Advertisement

The Industrial Adjustment Service: A Canadian Model for Change Management

  • J. Butcher

Abstract

Nineteen sixty-three was one of those “Very Important Years” in North America. Canadians elected a minority Liberal government under Lester B. Pearson. Twenty years later, with only a brief interruption, Liberals still ruled Ottawa. The first bombs of the FLQ exploded in Montreal. René Lévesque called for a “new Canada” in five years, or Quebec would separate. The Royal Commission on Bilingualism and Biculturalism was appointed.

Keywords

Labour Market Harvard Business Review Displace Worker Economic Council Human Resource Planning 
These keywords were added by machine and not by the authors. This process is experimental and the keywords may be updated as the learning algorithm improves.

Preview

Unable to display preview. Download preview PDF.

Unable to display preview. Download preview PDF.

References

  1. Abt Associates of Canada, Evaluation Study of the Industrial Adjustment Service (IAS) Program: Final Report (Ottawa: Employment and Immigration Canada, 1984).Google Scholar
  2. Batt, William L., Jr., “Canada’s Good Example with Displaced Workers”, Harvard Business Review, Vol.61, No. 4 (July–August, 1983).Google Scholar
  3. Beer, Michael, Russell A. Eisenstat and Bert Spector, “Why Change Programs Don’t Produce Change”, Harvard Business Review, (November–December, 1990).Google Scholar
  4. Bothwell, Robert, Ian Drummond and John English, Canada Since 1945:_ Power, Politics and Provincialism, (Toronto: University of Toronto Press, 1981).Google Scholar
  5. Bright, James R., “Opportunities and Threat in Technological Change”, Harvard Business Review, Vol. 41, No. 6 (November–December, 1963).Google Scholar
  6. Canadian Automotive Repair and Service Council, Proceedings Of Human Resources Workshop, May 31 and June 1, 1988, (Ottawa: Canadian Automotive Repair and Service Council, 1988).Google Scholar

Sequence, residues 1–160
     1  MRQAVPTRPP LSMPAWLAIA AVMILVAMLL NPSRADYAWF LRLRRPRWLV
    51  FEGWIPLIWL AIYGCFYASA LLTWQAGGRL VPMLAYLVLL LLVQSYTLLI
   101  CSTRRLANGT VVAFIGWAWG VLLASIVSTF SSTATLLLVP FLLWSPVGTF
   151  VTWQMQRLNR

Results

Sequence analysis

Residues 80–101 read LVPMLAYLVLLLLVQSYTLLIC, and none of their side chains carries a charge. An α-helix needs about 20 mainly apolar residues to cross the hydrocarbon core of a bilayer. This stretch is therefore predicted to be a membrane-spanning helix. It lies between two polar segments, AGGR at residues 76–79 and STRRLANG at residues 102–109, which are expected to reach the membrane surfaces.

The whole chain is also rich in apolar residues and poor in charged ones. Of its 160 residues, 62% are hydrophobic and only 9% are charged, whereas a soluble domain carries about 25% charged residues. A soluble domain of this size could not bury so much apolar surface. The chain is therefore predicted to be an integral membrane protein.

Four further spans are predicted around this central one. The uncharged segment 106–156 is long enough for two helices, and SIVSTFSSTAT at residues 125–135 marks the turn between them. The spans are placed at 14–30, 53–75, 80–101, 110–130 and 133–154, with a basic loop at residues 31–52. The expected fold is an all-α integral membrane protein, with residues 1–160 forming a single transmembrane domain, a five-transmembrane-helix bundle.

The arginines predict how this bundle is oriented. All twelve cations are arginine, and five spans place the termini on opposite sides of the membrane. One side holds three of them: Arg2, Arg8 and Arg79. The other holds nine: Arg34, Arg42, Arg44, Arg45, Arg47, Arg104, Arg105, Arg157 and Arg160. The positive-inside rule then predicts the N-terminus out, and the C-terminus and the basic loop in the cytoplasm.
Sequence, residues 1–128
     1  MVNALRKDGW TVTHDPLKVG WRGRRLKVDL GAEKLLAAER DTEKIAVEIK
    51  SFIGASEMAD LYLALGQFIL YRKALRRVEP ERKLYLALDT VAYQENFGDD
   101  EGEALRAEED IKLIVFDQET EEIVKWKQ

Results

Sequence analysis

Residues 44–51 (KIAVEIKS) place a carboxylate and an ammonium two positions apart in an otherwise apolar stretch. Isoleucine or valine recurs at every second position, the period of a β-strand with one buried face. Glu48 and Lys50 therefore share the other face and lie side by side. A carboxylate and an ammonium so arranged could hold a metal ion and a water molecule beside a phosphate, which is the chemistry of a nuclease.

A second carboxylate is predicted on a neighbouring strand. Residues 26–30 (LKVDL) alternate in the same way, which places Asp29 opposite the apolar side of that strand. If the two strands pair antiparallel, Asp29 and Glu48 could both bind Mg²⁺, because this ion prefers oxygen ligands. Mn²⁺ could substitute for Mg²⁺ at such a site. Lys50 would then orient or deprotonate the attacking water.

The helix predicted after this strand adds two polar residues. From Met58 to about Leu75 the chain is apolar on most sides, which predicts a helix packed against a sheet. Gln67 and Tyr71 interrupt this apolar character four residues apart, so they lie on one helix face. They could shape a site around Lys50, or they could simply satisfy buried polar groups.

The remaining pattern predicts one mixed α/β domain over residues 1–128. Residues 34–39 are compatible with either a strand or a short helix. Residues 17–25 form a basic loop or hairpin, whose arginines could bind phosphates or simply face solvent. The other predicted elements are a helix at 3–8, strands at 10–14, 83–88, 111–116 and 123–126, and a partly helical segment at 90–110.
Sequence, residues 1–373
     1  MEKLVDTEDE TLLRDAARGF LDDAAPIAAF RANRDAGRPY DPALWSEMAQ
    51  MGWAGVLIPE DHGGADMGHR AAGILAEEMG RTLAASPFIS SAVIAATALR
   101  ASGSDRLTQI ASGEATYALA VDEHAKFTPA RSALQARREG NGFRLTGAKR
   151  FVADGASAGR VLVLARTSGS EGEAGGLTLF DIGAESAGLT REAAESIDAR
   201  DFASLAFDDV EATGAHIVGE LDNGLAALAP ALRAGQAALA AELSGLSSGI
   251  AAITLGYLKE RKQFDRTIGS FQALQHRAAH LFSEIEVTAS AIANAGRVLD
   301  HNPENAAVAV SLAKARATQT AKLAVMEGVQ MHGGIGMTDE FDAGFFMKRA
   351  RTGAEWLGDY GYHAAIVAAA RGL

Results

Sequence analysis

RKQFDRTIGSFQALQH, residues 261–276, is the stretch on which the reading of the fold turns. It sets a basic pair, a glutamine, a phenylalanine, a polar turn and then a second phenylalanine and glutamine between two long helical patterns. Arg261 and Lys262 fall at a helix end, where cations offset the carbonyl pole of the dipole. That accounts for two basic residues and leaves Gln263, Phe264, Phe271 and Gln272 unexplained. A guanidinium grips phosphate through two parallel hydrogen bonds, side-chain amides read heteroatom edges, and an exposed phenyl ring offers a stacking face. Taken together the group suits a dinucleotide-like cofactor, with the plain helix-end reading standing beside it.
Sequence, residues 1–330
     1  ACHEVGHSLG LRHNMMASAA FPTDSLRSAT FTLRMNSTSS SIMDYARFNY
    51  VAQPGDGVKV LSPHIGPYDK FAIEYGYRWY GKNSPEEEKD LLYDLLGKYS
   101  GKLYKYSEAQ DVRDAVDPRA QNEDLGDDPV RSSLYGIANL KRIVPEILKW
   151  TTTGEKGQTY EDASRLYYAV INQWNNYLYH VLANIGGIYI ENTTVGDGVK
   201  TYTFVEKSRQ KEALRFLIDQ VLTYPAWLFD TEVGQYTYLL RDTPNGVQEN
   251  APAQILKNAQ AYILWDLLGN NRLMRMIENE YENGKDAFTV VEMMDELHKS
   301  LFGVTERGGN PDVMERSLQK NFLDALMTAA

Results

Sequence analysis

7. Canadian Roofing Industry Adjustment Committee, Building Our Workforce, (Ottawa: Canadian Roofing Contractors’ Association, 1990).Google Scholar
  8. Economic Council of Canada, First Annual Review: Economic Goals Canada to 1970, (Ottawa: Queen’s Printer, 1964).Google Scholar
  9. Economic Council of Canada, Making Technology Work: Innovation Jobs in Canada, (Ottawa: Economic Council of Canada, 1987).Google Scholar
  10. Economic Dislocation and Worker Adjustment Assistance Act, United States Public Law 100-418, August 23, 1988.Google Scholar
  11. Employment and Immigration Canada, Annual Report 1988–1989, (Ottawa: Employment and Immigration Canada, 1989).Google Scholar
  12. Employment and Immigration Canada, Employment Manual, Chapter 44,_Adjustment Service, (Ottawa: Employment and Immigration Canada, 1988).Google Scholar
  13. Goodman, Earl A., and Yvon Lacaille, The Industrial Adjustment Service: A Self-Instruction Manual, (Ottawa: Employment and Immigration Canada, 1985).Google Scholar
  14. Harvard Business Review (Editors), “Management Problems in 1963”, Vol. 41, No. 1 (January–February, 1963).Google Scholar